Councilors had barely sat down when they were hit with bad news at their Monday, Oct. 19 meeting. Financial staff said the city is looking at a $12 million shortfall for the 2010 budget due to falling sales tax income and other revenues. The Council was told not to look to the Legislature for help because there just isn’t any money there, either. Come Dec. 1, when Mayor-Elect Richard Berry and the new Council take over, there will not be much of a honeymoon.
Councilor Sally Mayer was excused from the meeting and much of the agenda was deferred to later dates.
A couple of people spoke about what they called a rising problem of police brutality in the city. One resident, Sterling Sherwood, said when he leaves his house he is not afraid of robbers, terrorists or drunk drivers—he's afraid of the city’s police department. “They seem to have an us-against-them attitude,” he said.
A building moratorium was extended around the fragile Tijeras Arroyo biozone while a sector plan protecting the area is completed. And the Sawmill Trust area will see some dollars after the Council approved spending grant money.
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Public Access Needs a Home
The nonprofit that runs Albuquerque's public access channels, Quote... Unquote, Inc., is being evicted from its studios in the old Bernalillo County Courthouse. The staff and equipment have to move by Dec. 31 because the county says it has plans to start using the entire Downtown building.The actual item on the agenda was just an acknowledgment that the Council received a recommendation letter from the cable franchise board. In the letter, the board asks to be consulted by the city before decisions are made, and for the Council to support Quote... Unquote, Inc. Still, the real issue echoing through Council chambers was whether councilors would back the people who run channel 27 and Encantada TV channel 26, and help them relocate in a timely manner without disrupting airtime.
A handful of people addressed the Council urging support for Quote... Unquote, Inc. Dario Rodriguez, a member of the nonprofit's board of directors, said the channels are beacons of free speech in the state, and they showcase the unique voices of Albuquerque. City Council President Isaac Benton assured everyone that the city is working with the studio’s management to find an appropriate home. He said several tours of potential locations would be held this week. Councilor Debbie O’Malley clarified that once a space is found, then the Council can take real action and find cash to fund a relocation.
Public access TV is a grassroots venue for free speech. On any given day, a channel surfer can find politics covered from all angles, oddball humor, local music, an almost naked guy urging a sustainable lifestyle, offbeat religion, community theater, a YAFL game or ... you name it. Quote… Unquote, Inc. has trained thousands of people to produce TV spots. Some move on to other jobs in the state’s growing movie industry. The cable board letter asks for Council support in making the move but also asks to be recognized as a resource. The letter implies decisions about the public, education and government access channels have been made without consulting the board. Martin Ethridgehill, board member, was right when he said the city should communicate with the cable board before action is taken.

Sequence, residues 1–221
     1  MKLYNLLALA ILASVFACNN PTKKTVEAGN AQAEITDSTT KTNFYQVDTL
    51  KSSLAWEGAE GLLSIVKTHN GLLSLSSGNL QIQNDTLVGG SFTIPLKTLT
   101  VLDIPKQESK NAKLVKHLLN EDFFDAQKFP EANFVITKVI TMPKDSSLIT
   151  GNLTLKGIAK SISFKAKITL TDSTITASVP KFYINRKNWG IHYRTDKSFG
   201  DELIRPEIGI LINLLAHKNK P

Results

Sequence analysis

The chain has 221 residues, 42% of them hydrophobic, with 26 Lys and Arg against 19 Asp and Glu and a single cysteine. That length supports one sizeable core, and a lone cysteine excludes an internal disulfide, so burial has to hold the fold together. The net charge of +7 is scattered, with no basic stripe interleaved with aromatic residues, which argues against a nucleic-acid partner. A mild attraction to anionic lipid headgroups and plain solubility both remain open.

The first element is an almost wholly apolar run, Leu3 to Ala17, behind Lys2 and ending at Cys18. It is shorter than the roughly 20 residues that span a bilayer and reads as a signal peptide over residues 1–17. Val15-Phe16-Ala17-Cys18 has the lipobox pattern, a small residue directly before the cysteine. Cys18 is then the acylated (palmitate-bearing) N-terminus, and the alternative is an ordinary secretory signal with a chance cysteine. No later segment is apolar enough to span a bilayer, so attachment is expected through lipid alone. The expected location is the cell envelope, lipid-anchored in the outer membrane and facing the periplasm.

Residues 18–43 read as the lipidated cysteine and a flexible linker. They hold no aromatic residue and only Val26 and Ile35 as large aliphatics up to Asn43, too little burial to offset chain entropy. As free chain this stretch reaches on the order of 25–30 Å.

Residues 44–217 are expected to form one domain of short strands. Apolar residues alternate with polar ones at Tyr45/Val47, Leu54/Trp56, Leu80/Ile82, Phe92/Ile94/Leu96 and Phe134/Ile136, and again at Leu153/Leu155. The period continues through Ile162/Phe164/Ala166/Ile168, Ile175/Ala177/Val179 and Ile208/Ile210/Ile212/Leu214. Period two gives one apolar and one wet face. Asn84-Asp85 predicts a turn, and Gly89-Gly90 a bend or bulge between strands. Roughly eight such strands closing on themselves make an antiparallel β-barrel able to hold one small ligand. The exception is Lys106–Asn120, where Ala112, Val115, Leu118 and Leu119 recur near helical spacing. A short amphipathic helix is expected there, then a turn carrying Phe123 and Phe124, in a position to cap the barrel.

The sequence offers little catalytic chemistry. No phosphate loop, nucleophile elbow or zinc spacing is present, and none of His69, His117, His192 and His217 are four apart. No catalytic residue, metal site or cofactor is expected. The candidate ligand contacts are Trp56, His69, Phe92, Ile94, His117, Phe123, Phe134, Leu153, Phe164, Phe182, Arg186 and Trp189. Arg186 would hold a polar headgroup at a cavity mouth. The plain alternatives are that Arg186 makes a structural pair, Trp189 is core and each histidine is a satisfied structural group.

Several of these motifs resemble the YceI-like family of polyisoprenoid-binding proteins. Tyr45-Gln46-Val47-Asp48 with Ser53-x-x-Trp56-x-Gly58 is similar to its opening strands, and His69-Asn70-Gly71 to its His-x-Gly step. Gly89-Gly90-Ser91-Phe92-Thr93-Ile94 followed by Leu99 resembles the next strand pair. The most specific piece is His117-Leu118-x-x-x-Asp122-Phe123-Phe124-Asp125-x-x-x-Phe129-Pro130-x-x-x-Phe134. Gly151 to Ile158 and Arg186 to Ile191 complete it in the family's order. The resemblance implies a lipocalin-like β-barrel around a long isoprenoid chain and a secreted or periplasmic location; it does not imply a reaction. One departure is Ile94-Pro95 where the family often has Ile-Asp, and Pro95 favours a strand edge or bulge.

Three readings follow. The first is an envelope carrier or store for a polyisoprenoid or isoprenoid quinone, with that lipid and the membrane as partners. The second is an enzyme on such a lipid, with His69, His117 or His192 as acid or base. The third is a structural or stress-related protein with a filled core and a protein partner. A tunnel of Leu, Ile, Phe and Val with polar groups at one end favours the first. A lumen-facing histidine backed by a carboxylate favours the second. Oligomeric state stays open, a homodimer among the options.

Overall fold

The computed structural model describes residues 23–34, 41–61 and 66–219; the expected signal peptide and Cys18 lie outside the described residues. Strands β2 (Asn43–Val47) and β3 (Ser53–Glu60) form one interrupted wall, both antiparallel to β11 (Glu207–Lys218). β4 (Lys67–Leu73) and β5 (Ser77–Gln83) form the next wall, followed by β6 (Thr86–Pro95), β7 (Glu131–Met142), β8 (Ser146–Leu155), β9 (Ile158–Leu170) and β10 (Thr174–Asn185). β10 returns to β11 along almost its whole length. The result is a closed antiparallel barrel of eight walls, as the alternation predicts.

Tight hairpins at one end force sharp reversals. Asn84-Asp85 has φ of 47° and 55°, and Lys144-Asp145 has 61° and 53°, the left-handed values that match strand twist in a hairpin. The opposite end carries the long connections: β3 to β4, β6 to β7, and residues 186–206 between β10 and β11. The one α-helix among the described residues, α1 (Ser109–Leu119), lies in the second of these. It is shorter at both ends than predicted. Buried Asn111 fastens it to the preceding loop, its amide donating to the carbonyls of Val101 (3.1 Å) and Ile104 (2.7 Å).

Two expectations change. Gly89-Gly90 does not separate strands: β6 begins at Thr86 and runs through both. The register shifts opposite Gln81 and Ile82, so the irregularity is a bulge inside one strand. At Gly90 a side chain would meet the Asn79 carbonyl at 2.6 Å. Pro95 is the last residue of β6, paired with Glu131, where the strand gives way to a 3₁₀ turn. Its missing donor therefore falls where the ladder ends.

On the table was an agreement between the city and Eclipse Aerospace, the group that took over Eclipse Aviation when it went bankrupt. Eclipse Aerospace is offering to give the city 5.5 acres and a 40,000-square-foot building worth $3 million in exchange for about $5.8 million in rent credits. The building and land is just south of Double Eagle Airport on the city’s West Mesa. Eclipse would continue to use the building during the transition. To sweeten the deal, Eclipse Aerospace would prepay four years and four months of rent for their Sunport location as well. City administration and representatives from Eclipse Aerospace said this is a key piece of the financial puzzle that will keep the company in Albuquerque.
It seemed like the councilors wanted to work with the company but had some problems with the difference between the $3 million market value of the property and the $5.5 million in rent credits. Councilor Michael Cadigan shot questions to the company and city administration, asking them to explain how they can get around the anti-donation clause that says the exchange has to be of equal value. Councilors also questioned whether the land had been given to Eclipse Aviation years ago by the city in the first place as an incentive. Bob White, the city attorney, said it was a lawful transaction, but councilors did not believe him and postponed a decision until they got more information about where the land originally came from, and how to resolve the difference between the market value and the rent credits.
The city should look carefully at this transaction, but it should also make every effort to support the new Eclipse Aerospace. This company was the only one that made a bid to pull the airplane manufacturer out of bankruptcy and keep it in New Mexico. It was good to see Cadigan showing a little of his former self by firing away at White and Ed Adams, the city’s outgoing chief administrative officer. But the representative from Eclipse did not find any humor in the drilling he got from Cadigan. The devil is usually in the details, and it is best for the Council to look at all the issues before making a decision. The state constitution’s anti-donation clause is designed to protect taxpayers, and a dollar-for-dollar exchange is the only way to satisfy it. Eclipse should either have the land re-appraised or add more money or property to its offer.